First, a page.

What is the Formula for the Area of a Parallelogram?

What is the Formula for the Area of a Parallelogram?

Note:

Parallelograms and rectangles are pretty similar. In fact, you can turn a parallelogram into a rectangle to find the formula for the area of a parallelogram! Check out this tutorial to see how it's done!

Keywords:

parallelogram

base

height

formula

Background Tutorials

Understand that shapes in different categories (e.g., rhombuses, rectangles, and others) may share attributes (e.g., having four sides), and that the shared attributes can define a larger category (e.g., quadrilaterals). Recognize rhombuses, rectangles, and squares as examples of quadrilaterals, and draw examples of quadrilaterals that do not belong to any of these subcategories.

A rectangle is one of the many fundamental shapes you'll see in math. Rectangles have special properties that can be very useful in helping you solve a problem. This tutorial introduces you to rectangles and explains their interesting qualities!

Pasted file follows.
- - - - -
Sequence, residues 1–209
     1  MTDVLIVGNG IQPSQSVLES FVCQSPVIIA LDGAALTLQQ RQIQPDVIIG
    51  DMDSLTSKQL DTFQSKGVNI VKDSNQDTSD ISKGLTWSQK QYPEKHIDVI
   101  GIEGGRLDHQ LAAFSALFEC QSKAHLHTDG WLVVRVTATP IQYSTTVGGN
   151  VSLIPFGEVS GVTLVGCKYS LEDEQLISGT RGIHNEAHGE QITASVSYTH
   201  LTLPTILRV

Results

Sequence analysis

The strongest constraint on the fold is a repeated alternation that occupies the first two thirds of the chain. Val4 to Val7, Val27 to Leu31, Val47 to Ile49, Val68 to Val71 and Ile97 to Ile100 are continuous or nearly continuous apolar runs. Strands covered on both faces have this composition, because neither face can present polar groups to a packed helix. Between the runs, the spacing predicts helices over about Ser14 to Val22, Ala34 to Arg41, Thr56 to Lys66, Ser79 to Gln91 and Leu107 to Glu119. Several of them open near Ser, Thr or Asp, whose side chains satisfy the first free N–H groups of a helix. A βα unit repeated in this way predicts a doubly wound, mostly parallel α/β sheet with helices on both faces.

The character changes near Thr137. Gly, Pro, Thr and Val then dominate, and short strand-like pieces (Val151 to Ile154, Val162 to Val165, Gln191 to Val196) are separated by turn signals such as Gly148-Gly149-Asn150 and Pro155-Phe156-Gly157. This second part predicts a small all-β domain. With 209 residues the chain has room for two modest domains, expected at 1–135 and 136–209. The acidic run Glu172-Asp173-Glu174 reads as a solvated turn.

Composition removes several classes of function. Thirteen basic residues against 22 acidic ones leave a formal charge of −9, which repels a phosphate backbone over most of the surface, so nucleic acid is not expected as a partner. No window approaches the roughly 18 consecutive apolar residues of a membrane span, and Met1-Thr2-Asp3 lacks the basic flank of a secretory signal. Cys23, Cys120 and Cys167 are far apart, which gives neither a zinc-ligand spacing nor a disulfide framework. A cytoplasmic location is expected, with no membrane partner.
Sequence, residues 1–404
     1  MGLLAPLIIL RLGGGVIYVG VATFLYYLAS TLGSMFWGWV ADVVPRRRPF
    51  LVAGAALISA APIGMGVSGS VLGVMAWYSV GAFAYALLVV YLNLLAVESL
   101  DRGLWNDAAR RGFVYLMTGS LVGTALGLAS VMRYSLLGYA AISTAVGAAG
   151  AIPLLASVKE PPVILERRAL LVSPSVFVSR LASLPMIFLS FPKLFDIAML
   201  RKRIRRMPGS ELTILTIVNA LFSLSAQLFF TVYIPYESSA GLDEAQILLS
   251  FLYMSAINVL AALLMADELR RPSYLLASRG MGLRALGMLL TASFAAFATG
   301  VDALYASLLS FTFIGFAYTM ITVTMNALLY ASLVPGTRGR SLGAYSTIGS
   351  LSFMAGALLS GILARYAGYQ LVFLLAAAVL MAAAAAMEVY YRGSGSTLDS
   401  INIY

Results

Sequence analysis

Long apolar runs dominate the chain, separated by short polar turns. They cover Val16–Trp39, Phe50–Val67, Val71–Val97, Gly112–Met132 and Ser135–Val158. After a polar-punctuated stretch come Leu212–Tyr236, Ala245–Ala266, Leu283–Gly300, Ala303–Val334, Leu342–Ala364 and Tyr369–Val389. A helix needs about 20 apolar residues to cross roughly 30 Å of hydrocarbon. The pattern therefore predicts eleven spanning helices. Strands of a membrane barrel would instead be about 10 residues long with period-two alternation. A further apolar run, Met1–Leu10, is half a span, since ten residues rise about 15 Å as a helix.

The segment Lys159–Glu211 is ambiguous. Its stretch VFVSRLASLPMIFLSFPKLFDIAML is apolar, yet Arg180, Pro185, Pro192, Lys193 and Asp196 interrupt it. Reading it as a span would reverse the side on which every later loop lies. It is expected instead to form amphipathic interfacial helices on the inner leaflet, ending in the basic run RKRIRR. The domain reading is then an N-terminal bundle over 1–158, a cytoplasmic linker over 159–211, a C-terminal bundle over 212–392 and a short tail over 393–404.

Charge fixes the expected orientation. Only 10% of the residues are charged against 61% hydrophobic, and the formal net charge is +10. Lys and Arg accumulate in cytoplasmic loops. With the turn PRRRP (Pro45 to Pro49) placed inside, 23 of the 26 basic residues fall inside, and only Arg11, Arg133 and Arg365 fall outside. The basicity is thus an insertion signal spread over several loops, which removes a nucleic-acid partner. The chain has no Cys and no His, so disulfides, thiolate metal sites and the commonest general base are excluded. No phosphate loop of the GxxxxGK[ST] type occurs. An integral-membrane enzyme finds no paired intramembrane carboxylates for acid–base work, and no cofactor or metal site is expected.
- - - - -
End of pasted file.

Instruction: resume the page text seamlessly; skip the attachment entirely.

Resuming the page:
Prove theorems about parallelograms. Theorems include: opposite sides are congruent, opposite angles are congruent, the diagonals of a parallelogram bisect each other, and conversely, rectangles are parallelograms with congruent diagonals.

A parallelogram is a special type of quadrilateral with some special properties. In this tutorial, take a look at parallelograms and learn what kinds of quadrilaterals can also be called parallelograms!

Further Exploration

Find the area of right triangles, other triangles, special quadrilaterals, and polygons by composing into rectangles or decomposing into triangles and other shapes; apply these techniques in the context of solving real-world and mathematical problems.

Looking for the area of a parallelogram? Got the length of the base and the height? Then plug those values into the formula for the area of a parallelogram and solve. This tutorial takes you through the process!